Fortunately, there are two options. The first is to name an adult custodian. The custodian should be someone you can trust to use the money for things like housing, health care, and education until the child reaches the age of majority. At that point, any remaining money gets turned over the child and they can spend it any way they want.

The second option is to work with an attorney to set up a trust. In this scenario, the trust is the beneficiary and a trustee is named to manage and distribute the funds. The main advantage of a trust over naming a custodian is having more control.

A trust lets you specify how you want the money distributed—and it lets you do so even when your kids are adults. (One quick word of caution: Definitely consult with an attorney if you’re setting up a trust for a special needs child. They can help you create one that doesn’t impact your child’s eligibility for government assistance like Medicaid or Supplemental Security Income.)

Naming a Charity
Do you have a cause that’s near and dear to your heart? If so, you might consider naming a charitable organization as the beneficiary of your life insurance.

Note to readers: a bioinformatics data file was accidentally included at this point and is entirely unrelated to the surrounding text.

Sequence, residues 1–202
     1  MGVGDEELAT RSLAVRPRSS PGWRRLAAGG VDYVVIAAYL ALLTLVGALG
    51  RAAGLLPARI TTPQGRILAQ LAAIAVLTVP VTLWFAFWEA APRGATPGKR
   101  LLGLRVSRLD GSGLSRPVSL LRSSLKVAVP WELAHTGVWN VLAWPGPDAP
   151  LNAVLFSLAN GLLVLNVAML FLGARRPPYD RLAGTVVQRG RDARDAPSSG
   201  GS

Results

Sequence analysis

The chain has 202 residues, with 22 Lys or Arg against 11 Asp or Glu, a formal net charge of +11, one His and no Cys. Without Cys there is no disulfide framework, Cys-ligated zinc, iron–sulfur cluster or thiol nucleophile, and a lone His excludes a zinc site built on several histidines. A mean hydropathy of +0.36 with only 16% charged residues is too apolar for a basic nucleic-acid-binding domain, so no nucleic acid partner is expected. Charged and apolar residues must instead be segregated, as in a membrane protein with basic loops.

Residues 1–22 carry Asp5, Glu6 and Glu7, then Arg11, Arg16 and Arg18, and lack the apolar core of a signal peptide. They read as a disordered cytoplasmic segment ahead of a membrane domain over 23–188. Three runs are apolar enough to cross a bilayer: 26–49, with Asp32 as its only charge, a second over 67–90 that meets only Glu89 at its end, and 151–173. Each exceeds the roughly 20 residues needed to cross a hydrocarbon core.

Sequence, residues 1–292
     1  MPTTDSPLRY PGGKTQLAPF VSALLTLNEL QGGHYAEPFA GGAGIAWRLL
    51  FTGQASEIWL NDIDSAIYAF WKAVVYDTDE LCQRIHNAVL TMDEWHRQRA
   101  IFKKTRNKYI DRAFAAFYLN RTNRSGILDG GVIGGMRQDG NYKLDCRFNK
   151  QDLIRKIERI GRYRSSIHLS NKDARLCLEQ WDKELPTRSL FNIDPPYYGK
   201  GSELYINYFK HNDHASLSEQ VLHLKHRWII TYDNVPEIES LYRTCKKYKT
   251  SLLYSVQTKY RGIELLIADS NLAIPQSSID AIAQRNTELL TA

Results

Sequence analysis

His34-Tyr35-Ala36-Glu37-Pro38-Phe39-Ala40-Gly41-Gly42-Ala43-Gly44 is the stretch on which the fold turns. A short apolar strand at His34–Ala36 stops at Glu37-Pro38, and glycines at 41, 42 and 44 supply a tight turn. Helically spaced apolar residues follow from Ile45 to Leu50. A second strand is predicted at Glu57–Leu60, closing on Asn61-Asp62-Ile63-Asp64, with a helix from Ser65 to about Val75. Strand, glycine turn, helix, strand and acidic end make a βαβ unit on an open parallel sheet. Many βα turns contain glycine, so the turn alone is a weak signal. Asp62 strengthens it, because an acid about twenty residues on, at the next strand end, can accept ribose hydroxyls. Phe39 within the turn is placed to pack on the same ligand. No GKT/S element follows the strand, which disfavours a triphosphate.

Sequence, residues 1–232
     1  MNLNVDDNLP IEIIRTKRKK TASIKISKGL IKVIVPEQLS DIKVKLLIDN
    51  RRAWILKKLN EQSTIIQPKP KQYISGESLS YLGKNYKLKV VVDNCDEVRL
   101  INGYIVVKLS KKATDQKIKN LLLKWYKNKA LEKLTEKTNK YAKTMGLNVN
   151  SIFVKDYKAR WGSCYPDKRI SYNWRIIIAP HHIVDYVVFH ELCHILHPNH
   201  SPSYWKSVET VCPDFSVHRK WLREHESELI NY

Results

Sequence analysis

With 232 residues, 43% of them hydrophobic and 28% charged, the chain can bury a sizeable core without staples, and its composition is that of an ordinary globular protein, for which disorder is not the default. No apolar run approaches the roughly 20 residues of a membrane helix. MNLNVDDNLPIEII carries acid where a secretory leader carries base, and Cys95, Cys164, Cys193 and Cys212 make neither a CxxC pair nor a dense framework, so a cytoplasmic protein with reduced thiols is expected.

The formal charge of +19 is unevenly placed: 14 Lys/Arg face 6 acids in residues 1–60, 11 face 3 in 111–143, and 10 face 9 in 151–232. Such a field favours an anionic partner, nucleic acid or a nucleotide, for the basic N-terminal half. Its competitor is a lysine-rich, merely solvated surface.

There are several ways to do this. They include naming the charity as a beneficiary on a new or existing life insurance policy, making the charity both the owner and the beneficiary of a life insurance policy, adding a charitable-giving rider to a life insurance policy, or working with a community foundation to figure out the best way to distribute a payout.

Final Tips
Think carefully about naming your estate as a beneficiary. This can trigger a long and costly legal process known as probate. A faster and more efficient solution is to name specific individuals or organizations as beneficiaries.

1. Get specific. Instead of naming “my spouse” or “my children” as beneficiaries, list their names along with their addresses and Social Security numbers. This saves a lot of time since the insurance company doesn’t have to track down information.

2. Always name a contingent beneficiary. Passing away and leaving behind life insurance without a living beneficiary could mean the payout goes to someone you never wanted your policy to benefit. It could also require a court-appointed administrator to sort things out.

3. Pick trustworthy custodians and trustees. Really consider who’d you trust your child’s financial well-being with if you weren’t in the picture. Your kids may love their uncle or aunt, but is he or she mature and responsible with money? If not, pick someone else who is.

4. Regularly review your beneficiaries. It’s a good idea to review your beneficiaries about once a year and after major life events like a marriage, divorce, the birth of a child, or a death in the family.

5. Communicate your wishes. Let your beneficiaries know your intentions and how to find the policy.